I like Space, and I don’t assume everyone else does, but I see the UFO people are going insane on YouTube, and some of these local televisions newscasts….they babble & they blatantly make stuff up. (‘like, it’s all fake-news!)

    -Musk was apparently tweeting pictures of the launch, along with “alien UFO rocket’s from North Korea,” type captioned quip’s. The twitterverse was allegedly aflutter!

    Totally tangentially; I’m on the s-w Lake Michigan coast, and when you get the sun setting at the right angle, you get a fantastic back-lit cloud/ airplane contrail, effect. I can only imagine how spectacular that effect was out West! And there are a lot of good video’s popping up.

    (I do not like the electric cars & solar panels, but I must admit, Musk is one Genuine Rocket Scientist! Nothing succeeds likes success.)

  • Wayne asked, “What, is the percentage of the general population, that has no idea about SpaceX, or space in general?”

    I must tell you that among practically everyone I have spoken to over the past three years, both closely and casually, since SpaceX began to attempt to land its first stage, has been amazingly knowledgeable about the company. They haven’t always known the fine details, but it seems to me that a very large percentage, possibly a majority, of the public is following this story with great interest.

    Nor is this surprising. What SpaceX is doing is cool!

  • Joe

    SpaceX is doing what NASA used to be known for doing, first rate engineering and science, great posts Wayne!

  • Localfluff

    It’s great advertising for suborbital rocket travel, that people can watch a rocket separate and turn around to land. So why not New York – Tokyo in 40 minutes. They should put a crew compartment on the first stage to steal Blue Origin’s entertainment market.

  • Kirk

    Here is a video of the launch shot from a California highway.
    Rocket in the Sky plus Accident

  • I have another thought about the behavior of the first stage. I wonder if the SpaceX team isn’t also testing to see if spinning the stage will help protect it from damage as it descends through the atmosphere. Such a condition, if successful, would be useful for getting the second stage back to Earth safely.

    From what I understand, they have already learned that that a bubble forms around the stage as it descends and actually acts as a kind of shield. This spinning might have been a test to see how that bubble is changed by it.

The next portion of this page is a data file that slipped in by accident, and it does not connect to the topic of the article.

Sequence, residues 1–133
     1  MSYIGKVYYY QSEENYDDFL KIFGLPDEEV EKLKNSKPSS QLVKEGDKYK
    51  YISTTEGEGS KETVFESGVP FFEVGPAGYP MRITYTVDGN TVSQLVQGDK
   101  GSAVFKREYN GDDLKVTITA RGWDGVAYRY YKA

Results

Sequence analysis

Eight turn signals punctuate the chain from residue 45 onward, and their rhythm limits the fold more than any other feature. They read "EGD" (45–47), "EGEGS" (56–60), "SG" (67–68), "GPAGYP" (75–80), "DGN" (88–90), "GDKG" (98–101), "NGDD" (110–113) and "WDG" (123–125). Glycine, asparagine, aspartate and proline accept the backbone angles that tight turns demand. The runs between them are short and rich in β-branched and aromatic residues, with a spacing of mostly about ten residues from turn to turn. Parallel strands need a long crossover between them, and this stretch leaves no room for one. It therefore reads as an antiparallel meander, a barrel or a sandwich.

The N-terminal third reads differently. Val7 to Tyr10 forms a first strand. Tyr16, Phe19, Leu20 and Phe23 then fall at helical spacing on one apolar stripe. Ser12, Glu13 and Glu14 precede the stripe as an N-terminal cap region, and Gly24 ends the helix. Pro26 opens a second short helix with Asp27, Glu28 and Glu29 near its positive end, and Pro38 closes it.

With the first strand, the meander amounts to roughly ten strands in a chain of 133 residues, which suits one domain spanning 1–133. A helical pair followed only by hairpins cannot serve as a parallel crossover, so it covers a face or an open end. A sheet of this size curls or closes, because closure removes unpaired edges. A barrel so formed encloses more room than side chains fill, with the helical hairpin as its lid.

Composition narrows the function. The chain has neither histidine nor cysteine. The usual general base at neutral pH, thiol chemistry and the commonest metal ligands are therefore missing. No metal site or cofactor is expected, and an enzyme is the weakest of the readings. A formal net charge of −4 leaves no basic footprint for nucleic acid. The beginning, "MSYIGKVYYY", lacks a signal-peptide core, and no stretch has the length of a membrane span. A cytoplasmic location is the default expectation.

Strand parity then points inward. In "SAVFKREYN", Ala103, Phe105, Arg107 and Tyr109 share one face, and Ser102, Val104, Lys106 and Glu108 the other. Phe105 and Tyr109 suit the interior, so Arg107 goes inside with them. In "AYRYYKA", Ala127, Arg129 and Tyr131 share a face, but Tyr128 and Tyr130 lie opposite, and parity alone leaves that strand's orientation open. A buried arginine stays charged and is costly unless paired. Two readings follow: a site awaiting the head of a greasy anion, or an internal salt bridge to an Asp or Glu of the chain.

• Joe

    Interesting thought with regard to reentry of the first stage, maybe it would need less heat shielding.

  • pzatchok

    Actually there is no typical heat shield on the falcon 9.

    It never achieves a speed over mach 6. The rocket engines exhaust blossom helps shield it from some of the heat while it makes its initial slowdown in the upper thin atmosphere.

    The only typical heat shielding is a set of panels in between the engines that both protects the rocket on lift off and re entry.

    NASA knew this years ago and in fact recovered a few Saturn first stages for examination after they crashed into the ocean.
    They tried to think of a few ways to recover it intact but eventually decided that salt water was too corrosive on some of the parts to make it economical. plus they didn’t want to give up any lift capability to make room for a landing system.

  • Edward

    Having watched a couple of videos of the launch, I am not convinced that the strange sight was due to the first stage having been spun up. It looks to me like the behavior of the thrusters naturally forms the observed shapes as the gasses expand in space. I think that it is the uniqueness of the viewing angle coupled with the recent sunset that has us confused as to what we are seeing.

    pzatchok wrote: “They tried to think of a few ways to recover it intact

    Although this is the first that I have heard of this, I recall that NASA was proposing to use a modified Saturn V first stage, wings added, to help launch an early version of the Space Shuttle, then have the first stage return to the launch site and land horizontally on a runway.

    As with the “hang glider” (paraglider) landing system for the Gemini spacecraft ( ), this idea was short lived.